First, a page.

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Defining Chronic Diseases

Defining Chronic Diseases

The World Health Organization (WHO) was among the first to alert the public authorities of a growing phenomenon in all countries, developed and developing, chronic disease. These diseases cover a very broad class of health problems that can appear seemingly disparate. “Communicable diseases (HIV / AIDS) and non-communicable (cardiovascular diseases, cancer and diabetes) persistent, certain mental disorders (depression and schizophrenia), and permanent physical disabilities (amputations, blindness and joint disorders), s’ they may look different, all fall into this category “(WHO, 2003, p.11). They feature “beyond their time by the magnitude of their impact on daily life not only for patients but also for those around them. This upsets everything from health to quality of life, friendships to family life, recreation to professional life. Their common is they sound systematically on the social, psychological and economic dimensions of the patient’s life “(WHO, 2005, p.15).

A comprehensive definition of chronic diseases is proposed in a dictionary. These diseases are one or more of the following characteristics: they are permanent, they leave residual disability, are caused by an irreversible alteration, they require specific education through rehabilitation, they may require a long period of supervision, observation or care (Timmreck 1982).

Chronic diseases

Those chronically ill account for about one third of the general population, or 20 million in France for example. Chronic diseases constitute 77% of diseases, the most important are the cardiovascular, cerebrovascular, respiratory, metabolic and cancer (Mladovsky et al., 2009). In 2002, these diseases caused 86% of the 9.6 million deaths in Europe. They are also responsible for 70% of health spending (WHO, 2008).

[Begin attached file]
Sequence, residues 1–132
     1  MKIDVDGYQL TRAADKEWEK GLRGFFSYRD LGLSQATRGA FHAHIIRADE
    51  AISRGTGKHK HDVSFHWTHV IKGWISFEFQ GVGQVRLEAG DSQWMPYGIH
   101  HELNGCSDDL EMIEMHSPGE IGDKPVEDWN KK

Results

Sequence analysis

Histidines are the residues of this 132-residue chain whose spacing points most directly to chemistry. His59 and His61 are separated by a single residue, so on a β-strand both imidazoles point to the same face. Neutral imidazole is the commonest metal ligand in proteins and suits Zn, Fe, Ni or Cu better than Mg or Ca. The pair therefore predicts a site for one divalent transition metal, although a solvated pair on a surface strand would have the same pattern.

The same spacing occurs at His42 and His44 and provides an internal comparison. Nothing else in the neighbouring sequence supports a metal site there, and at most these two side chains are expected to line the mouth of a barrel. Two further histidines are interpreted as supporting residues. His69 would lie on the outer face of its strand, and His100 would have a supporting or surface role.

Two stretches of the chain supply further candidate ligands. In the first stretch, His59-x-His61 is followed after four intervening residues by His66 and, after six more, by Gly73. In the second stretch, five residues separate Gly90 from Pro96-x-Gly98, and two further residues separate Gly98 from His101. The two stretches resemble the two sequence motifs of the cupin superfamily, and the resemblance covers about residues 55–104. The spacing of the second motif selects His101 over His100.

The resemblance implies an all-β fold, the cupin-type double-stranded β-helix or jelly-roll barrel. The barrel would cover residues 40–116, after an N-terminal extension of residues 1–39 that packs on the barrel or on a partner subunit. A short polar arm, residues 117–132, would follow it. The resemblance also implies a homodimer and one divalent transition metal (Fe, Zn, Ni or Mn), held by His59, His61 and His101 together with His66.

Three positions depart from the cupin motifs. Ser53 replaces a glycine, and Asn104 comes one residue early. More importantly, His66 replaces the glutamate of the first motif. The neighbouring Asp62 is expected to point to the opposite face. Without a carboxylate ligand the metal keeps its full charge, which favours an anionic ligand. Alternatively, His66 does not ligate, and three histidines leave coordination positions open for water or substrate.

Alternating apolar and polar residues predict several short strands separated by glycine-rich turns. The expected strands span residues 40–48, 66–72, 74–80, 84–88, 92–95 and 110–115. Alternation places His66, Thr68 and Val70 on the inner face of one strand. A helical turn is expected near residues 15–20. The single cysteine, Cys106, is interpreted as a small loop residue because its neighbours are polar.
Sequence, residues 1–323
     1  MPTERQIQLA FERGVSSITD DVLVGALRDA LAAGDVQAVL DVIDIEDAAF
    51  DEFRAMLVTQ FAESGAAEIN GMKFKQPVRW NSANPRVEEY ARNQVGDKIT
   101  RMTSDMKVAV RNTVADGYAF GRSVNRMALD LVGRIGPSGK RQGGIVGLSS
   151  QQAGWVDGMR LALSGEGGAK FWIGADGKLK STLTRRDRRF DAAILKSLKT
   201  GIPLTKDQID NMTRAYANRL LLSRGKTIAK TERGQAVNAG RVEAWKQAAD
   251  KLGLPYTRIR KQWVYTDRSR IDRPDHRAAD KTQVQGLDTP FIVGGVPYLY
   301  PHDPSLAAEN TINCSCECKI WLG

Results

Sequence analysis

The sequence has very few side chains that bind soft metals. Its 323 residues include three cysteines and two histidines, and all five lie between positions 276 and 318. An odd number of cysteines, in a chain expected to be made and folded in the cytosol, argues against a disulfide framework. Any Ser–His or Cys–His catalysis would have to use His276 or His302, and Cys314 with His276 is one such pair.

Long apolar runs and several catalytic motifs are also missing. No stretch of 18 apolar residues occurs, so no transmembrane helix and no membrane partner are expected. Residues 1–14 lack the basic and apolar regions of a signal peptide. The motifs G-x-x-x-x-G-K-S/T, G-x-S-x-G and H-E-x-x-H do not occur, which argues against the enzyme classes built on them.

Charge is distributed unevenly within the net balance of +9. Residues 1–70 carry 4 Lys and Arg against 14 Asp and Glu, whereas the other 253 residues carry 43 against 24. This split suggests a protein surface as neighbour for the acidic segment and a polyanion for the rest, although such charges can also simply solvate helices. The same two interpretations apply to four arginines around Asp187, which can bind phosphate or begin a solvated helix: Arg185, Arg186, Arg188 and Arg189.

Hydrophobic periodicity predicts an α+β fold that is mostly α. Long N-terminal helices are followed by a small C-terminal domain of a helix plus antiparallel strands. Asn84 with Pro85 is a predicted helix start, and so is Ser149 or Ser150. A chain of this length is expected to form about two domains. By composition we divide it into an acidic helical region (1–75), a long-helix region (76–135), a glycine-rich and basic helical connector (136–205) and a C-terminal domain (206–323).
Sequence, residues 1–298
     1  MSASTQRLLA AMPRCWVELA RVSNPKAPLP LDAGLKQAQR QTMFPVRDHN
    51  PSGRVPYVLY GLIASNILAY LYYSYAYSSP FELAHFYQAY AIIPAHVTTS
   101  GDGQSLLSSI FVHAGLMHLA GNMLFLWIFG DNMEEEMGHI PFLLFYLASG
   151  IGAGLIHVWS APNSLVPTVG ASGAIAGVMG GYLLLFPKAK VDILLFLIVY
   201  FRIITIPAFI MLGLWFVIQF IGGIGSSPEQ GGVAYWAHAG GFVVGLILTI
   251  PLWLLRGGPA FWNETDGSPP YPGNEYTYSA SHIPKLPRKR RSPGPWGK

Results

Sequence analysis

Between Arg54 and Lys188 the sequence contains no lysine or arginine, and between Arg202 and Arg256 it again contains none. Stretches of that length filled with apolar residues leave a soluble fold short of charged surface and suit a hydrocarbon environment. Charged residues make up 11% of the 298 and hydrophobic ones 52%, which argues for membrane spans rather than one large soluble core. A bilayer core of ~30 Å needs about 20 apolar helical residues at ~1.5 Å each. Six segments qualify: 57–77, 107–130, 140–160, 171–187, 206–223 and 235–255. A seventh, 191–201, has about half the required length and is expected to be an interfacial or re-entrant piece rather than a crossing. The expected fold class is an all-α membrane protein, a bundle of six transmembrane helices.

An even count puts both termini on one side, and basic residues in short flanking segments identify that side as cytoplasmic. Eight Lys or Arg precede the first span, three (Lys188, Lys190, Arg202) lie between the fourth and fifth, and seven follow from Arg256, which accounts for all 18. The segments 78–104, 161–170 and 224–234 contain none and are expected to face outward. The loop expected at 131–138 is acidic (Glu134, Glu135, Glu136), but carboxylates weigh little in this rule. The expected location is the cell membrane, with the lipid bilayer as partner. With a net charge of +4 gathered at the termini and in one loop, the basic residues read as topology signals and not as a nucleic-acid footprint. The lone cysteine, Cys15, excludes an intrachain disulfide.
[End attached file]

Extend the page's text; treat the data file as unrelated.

Their Origin

Chronic diseases usually result from environmental causes. In English, they are also called “non-communicable disease” which reflects the important role of deleterious health behaviors such as physical inactivity, smoking, alcohol abuse or poor diet. They are sources of new problems of health, comorbidities (Bousquet et al., 2011), which make them complex and systemic effects (De Ridder et al., 2008). The therapeutic challenge for patients is much better to live with the disease than winning at all costs days of life.

Their Evolution

Schematically, their trajectories are different:

(1) stable disease changed little over time with treatment with life, with surgery and/or other medical devices

(2) degenerative disease where health gradually deteriorates (e.g., neurodegenerative dementias and cancer at an advanced stage)

(3) the disease progresses in fits and starts, with decompensation or pushing (e.g., multiple sclerosis)

(4) the disease progresses in crisis phase or exacerbation (e.g., chronic obstructive pulmonary disease).

Chronicity

The therapeutic logic Louis Pasteur is not applicable to chronic disease. Be based on the idea that it is necessary to identify the cause that causes disease and to understand the mechanism for finding biological treatment leads to healing and symptom resolution is irrelevant. A chronic disease, by definition, is multifactorial and not curable (or non-reversible). Therefore, it requires a different view of the acute disease whose signs are obvious and sudden onset and known changes. Signs of onset of chronic disease are insidious. Its evolution is progressive, unpredictable and not fully reversible. Pain and disability situations persist. Chronic illness forces patients to work closely with health professionals, to think and tertiary prevention to rethink their lifestyles.